Many musical sceptics and “know it all” may have rolled their eyes following the announcement that the once relevant New Order would “headline” the Sydney Vivid Festival, a band that merely produced a few hit singles in the 80’s/90’s and “Blue Monday”, that still ranks as the biggest selling 12” of all time. Tonight, playing without the highly publicised split from bassist, Peter Hook, the 3 founding members Bernard Sumner, Stephen Morris and Gillian Gilbert with two newer members, tonight, may well have consolidated the musical foundation that today’s disposable week music scene lacks.
Sydney went through one of its widest storms experienced in the last 30 years, with winds ripping the city apart and the rain relentlessly pelting upon us, it was a mere tiny obstacle for the eclectic mix of New Order fans , (many who carried the dishevelled greys and wrinkles since the birth of the bands from the ashes of equally loved Joy Division) as the excitement was buzzing in the auditorium. Speaking with a young 20-year-old while queuing impatiently for a glass of champagne (yet another sign of us slightly older fans), we learnt that she wasn’t so much a fan, but here to offer company with her dad who was a massive fan.
The Australian Chamber Orchestra led the opening independent of the band, playing a perfect rendition of New Orders instrumental “Elegia”, the strings sweeping beautifully helped by the outstanding acoustics of the Opera House. It was one of many times that the ACO would shine as they supported the band through 2 hours of popular hits and some unexpected tracks that the band haven’t played live in years.
The stage lighting and visuals were phenomenal, expected considering Vivid was a festival of light, it went to prove how these elements can take a live experience to a completely new level, coordinated perfectly with complete visual mastery. Beyond their music, New Order have always paid attention to their image and branding having produced some of the most influential art and imagery in modern musical history. Tonight, there was no stone left unturned.
The 2 hour set list played out like “The Best of New Order” with tracks from their latest offering “Music Complete” fitting in neatly and in moments actually proving just as strong as their huge hits. Bernard Sumner made clear he was suffering from a cold, caught from the previous night’s audience. It was completely forgotten and despite never being the best singer, he sung out the entire set with an effortless cool.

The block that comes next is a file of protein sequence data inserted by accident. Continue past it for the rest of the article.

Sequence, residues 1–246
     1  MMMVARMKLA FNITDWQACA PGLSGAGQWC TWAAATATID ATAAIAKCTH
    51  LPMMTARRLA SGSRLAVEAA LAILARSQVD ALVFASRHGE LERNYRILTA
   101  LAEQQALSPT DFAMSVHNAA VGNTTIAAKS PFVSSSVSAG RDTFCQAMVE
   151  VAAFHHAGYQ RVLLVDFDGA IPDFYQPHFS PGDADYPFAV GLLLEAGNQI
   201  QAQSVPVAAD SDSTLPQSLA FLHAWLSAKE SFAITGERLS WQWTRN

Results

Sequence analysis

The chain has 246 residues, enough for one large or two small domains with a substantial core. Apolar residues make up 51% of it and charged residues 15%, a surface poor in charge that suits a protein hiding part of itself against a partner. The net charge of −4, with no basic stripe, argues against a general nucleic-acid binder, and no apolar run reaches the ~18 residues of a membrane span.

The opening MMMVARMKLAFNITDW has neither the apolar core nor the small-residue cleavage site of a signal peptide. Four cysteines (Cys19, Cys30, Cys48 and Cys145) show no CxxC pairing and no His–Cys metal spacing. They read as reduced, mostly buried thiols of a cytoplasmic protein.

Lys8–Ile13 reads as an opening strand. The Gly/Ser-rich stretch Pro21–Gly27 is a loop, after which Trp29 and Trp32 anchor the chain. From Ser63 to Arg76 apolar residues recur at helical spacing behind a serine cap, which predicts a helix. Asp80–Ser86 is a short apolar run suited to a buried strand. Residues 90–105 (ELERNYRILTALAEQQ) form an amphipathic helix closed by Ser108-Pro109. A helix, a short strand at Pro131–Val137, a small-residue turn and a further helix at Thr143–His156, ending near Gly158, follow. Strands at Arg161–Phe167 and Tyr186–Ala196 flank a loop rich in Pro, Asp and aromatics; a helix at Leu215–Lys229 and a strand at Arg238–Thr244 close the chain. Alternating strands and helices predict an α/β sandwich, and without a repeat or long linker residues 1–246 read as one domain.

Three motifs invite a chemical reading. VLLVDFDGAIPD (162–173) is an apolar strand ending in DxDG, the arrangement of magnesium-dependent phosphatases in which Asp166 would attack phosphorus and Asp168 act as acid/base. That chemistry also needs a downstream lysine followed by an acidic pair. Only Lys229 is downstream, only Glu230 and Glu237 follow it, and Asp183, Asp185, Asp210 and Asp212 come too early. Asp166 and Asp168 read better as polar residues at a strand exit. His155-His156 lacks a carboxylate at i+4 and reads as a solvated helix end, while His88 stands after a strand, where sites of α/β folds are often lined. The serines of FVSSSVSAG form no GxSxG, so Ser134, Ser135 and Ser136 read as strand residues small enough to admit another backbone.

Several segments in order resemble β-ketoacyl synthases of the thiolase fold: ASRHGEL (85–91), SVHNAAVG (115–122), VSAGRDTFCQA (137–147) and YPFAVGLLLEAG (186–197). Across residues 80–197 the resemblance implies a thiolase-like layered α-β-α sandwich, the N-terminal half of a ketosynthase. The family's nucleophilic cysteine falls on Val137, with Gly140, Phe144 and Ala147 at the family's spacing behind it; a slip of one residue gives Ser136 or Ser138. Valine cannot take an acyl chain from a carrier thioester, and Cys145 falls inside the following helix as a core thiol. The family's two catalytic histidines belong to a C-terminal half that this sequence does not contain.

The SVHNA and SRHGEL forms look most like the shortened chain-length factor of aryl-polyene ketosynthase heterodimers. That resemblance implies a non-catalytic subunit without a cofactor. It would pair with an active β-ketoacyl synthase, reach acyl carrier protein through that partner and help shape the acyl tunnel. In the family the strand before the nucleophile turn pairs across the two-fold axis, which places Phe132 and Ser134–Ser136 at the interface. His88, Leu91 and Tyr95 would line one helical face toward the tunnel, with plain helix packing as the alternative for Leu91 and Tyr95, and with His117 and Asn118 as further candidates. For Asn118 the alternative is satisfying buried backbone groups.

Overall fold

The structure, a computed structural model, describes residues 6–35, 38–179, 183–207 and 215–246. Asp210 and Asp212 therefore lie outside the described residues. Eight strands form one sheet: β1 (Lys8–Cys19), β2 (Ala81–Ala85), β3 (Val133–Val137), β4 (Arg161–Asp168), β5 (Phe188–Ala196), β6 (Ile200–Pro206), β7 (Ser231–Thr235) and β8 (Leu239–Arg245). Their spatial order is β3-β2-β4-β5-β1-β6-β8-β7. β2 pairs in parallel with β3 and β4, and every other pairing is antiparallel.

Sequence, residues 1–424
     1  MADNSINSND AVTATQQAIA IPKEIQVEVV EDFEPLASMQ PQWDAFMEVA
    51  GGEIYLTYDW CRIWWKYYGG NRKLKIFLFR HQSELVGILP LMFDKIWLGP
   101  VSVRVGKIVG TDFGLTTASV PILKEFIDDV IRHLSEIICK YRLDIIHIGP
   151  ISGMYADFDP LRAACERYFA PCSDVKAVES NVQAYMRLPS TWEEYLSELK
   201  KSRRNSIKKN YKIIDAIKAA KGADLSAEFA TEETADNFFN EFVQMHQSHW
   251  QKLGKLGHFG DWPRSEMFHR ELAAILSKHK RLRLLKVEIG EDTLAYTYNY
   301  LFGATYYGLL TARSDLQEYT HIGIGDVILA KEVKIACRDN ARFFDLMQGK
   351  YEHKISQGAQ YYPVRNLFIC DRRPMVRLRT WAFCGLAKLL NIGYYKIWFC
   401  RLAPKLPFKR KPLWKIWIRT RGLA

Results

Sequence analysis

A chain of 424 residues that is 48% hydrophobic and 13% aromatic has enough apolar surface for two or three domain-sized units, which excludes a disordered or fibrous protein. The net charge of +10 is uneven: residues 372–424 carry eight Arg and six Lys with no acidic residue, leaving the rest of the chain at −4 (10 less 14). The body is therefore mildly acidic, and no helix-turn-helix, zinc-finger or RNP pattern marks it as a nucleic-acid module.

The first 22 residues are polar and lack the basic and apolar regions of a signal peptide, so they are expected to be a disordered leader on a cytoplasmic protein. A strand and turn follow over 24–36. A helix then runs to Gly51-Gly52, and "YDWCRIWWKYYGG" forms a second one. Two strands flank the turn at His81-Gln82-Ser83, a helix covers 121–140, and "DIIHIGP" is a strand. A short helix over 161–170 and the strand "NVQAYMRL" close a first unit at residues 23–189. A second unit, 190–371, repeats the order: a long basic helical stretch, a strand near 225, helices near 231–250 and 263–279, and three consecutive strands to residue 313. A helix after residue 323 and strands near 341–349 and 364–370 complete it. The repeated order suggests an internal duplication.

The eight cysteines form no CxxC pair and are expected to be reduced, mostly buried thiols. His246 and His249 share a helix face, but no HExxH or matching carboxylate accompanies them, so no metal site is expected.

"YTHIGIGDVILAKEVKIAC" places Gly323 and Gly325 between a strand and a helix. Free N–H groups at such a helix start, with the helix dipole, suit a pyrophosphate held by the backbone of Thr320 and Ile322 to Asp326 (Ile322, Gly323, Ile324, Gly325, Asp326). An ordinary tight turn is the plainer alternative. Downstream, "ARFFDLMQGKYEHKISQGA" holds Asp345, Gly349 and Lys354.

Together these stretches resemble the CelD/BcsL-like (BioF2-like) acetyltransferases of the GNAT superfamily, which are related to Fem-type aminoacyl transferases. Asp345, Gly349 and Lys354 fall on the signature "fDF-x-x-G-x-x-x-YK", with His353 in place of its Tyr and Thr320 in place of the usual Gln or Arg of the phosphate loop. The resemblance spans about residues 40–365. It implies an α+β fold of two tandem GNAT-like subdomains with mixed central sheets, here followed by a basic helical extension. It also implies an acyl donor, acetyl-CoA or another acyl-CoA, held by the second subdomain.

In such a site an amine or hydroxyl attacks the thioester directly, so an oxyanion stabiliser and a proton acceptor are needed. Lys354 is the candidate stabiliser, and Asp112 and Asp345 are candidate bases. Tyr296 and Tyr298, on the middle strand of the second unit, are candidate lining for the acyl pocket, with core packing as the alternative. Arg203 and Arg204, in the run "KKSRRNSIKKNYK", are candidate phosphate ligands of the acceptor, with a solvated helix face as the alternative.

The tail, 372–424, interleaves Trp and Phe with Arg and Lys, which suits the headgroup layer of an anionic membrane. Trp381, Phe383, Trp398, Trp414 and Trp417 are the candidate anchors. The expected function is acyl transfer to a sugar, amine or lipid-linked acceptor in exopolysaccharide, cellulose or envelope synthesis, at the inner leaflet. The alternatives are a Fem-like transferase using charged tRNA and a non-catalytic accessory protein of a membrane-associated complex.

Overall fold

“Singularity”, “Restless” and “Tutti Frutti” got huge responses despite being wrapped around some of the biggest songs of their career. The power of New Order was made clear tonight, perhaps a nostalgic trip or perhaps a soundtrack of our lives, when the first beat and synth of “Thieves Like Us” played, it was this moment many of us die-hard fan rose to our feet and rejoiced in a song that crafted many of our youth.
Looking across the audience (and thanks goes to Vivid for offering us those seats), many had now dusted off their uncertainty in dated dance moves with the majority of them on their feet, mouthing the words along with Sumner. “Bizarre Love Triangle” sounded 30 years ago, when it was released. The ACP had peaked, providing the song with richness and fullness, Bernard Sumner’s voice sounding surprisingly on key. From then on, it was moment after moment of immense back catalogue, with the band playing “The Perfect Kiss”, “True Faith”, “Temptation” and of course, “Blue Monday”. The roar of the crowd for both band and the ACO was electrifying and in moments emotionally overwhelming for a many of us.
Returning to the stage while the applause peaked, the image of Ian Curtis projected on to the screens that was emotional and touching and a reminder of where the band had come from and the loss many still feel for the late Ian Curtis. New Order then played through 3 Joy Division songs in memory of Curtis, “Atmosphere” was touching, played against the haunting visuals of Anton Corbin music video. “Decades” sounded just as dark as the original but it was the performance closer “Love Will Tear Us Apart” that brought the audience into singing harmony with what may well be a sinister song, felt like an uplifting and ceremonial evening, celebration more than just a band but a movement, a soundtrack of our lives.